Samuel Hahnemann

Hahnemann’s first comments about the general applicability of the law of similars were in 1789 when he translated a book by William Cullen, one of the leading physicians of the era. At one point in the book Cullen ascribed the usefulness of Peruvian bark (Cinchona) in treating malaria due to its bitter and astringent properties. Hahnemann wrote a bold footnote in his translation, disputing Cullen’s explanation. Hahnemann asserted that the efficacy of Peruvian bark must be for other factor, since he noted that there were other substances and mixtures of substances decidedly more bitter and more astringent than Peruvian bark that were not effective in treating malaria. He then described his own taking repeated doses of this herb until his body responded to its toxic dose with fever, chills, and other symptoms similar to malaria. Hahnemann concluded that the reason this herb was beneficial was because it caused symptoms similar to those of the disease it was treating. (2)

This account epitomizes Hahnemann. First, he was translating Cullen’s work, which indicates that he was one of the more respected translators of his day. By the time he was only 24, Hahnemann could read and write in at least seven languages. He ultimately translated over 20 major medical and scientific texts. This story reveals Hahnemann as both an avid experimenter and a respected chemist. He had authored a four volume set of books called The Pharmaceutical Lexicon, which was considered one of the standard reference texts for apothecaries/pharmacists of his day. (3) And this account also reveals Hahnemann as an audacious rebel. He was unafraid to speak his mind, even if it meant correcting the analysis of a very respected physician. He was unafraid to question commonly accepted truths. And he had enough initiative to seek his own alternative explanations.

After translating Cullen’s work, Hahnemann spent the next six years actively experimenting on himself, his family, and a small but growing group of followers. In 1796 he wrote about his experiences with the law of similars in Hufeland’s Journal, a respected medical journal in Germany. (4) Coincidentally, in 1798 Edward Jenner discovered the value of giving small doses of cowpox to people in an effort to immunize them against smallpox. Whereas Jenner’s work was generally accepted into orthodox medicine, Hahnemann’s work was not. In fact, there was so much antagonism to Hahnemann and the new school of medical thought he called homeopathy that entire medical journals were called Anti-Homoeopathic Archives or Anti-Organon (the Organon refers to the book that Hahnemann wrote as the primary text on the homeopathic art and science). (5)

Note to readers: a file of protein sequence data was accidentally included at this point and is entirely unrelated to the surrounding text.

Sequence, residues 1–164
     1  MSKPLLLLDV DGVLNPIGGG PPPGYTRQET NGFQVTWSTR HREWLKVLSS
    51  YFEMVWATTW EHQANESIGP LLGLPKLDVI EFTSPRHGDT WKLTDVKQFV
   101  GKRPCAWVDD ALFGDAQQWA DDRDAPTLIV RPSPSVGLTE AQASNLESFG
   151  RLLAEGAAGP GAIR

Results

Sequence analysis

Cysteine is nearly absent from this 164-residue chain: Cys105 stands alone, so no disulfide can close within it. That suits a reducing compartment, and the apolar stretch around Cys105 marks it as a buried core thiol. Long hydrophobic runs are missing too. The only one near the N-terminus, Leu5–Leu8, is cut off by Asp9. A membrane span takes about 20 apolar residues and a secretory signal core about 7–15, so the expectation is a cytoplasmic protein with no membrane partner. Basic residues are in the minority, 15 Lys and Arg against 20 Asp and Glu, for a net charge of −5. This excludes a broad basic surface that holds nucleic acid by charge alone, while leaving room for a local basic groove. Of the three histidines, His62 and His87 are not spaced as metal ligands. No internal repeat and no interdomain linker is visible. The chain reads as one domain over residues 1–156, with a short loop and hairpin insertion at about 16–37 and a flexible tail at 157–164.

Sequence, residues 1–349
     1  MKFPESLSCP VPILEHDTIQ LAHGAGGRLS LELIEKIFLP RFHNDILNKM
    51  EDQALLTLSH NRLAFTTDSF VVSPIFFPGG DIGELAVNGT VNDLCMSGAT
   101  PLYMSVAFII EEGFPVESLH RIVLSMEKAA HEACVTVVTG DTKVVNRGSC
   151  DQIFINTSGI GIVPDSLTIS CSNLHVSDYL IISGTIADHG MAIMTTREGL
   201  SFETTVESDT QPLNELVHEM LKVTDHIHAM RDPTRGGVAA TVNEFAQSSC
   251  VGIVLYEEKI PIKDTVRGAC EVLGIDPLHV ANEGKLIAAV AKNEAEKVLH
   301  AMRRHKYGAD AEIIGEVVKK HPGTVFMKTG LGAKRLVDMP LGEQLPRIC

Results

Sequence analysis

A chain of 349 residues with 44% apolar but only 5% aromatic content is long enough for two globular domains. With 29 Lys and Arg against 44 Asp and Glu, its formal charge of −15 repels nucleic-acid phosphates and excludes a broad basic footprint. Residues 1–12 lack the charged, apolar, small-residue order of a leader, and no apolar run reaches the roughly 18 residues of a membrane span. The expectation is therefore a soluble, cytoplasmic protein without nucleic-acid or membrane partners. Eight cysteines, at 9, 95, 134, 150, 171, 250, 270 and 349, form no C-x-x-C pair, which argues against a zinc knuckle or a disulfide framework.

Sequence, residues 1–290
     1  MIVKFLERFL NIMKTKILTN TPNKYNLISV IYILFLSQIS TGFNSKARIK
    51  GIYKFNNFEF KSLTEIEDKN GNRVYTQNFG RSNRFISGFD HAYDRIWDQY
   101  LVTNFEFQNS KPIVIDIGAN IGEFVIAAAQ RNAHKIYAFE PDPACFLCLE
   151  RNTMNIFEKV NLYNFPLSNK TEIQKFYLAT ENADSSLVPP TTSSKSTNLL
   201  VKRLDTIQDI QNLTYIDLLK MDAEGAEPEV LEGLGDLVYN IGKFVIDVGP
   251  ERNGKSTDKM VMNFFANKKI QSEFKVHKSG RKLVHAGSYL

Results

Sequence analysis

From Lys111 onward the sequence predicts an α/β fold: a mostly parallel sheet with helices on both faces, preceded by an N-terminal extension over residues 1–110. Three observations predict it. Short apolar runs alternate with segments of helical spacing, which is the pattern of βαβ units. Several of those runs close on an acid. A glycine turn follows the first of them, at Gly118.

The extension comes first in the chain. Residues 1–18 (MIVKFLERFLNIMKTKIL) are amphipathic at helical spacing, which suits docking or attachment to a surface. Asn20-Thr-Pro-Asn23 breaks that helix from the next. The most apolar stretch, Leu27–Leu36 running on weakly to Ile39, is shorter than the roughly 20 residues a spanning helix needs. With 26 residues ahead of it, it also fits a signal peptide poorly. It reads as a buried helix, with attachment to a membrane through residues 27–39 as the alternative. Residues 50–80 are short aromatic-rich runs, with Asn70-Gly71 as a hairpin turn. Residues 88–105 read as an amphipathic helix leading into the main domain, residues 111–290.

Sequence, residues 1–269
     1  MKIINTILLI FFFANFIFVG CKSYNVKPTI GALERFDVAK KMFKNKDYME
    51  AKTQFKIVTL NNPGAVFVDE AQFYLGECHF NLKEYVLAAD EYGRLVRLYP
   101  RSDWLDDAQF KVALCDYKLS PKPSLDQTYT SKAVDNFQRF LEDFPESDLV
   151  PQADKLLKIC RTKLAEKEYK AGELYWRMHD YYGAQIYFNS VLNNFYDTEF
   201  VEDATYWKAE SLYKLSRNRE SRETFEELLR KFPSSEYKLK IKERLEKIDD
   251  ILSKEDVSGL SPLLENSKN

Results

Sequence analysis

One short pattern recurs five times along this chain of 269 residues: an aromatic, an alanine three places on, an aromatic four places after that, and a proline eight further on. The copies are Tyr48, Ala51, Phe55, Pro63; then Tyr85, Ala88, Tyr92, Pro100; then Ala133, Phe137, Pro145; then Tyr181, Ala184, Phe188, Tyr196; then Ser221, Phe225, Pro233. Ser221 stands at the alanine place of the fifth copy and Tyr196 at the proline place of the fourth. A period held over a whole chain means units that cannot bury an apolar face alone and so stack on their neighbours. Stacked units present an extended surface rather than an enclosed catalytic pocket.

Hahnemann was particularly disliked by the apothecaries because he recommended the use of only one medicine at a time and prescribing only limited doses of it. (6) Because he recommended only small doses of each medicine, the apothecaries could not charge much for them. And because each medicine required careful preparation, Hahnemann found that the apothecaries were not always making them correctly or were intentionally giving his patients different medicines. As he grew to distrust the apothecaries, he chose to dispense his own medicines, an illegal act at the time in Germany. The apothecaries then accused Hahnemann of “entrenching upon their privileges by the dispensing of medicines.” (7) Arrested in Leipzig in 1820, he was found guilty and forced to move.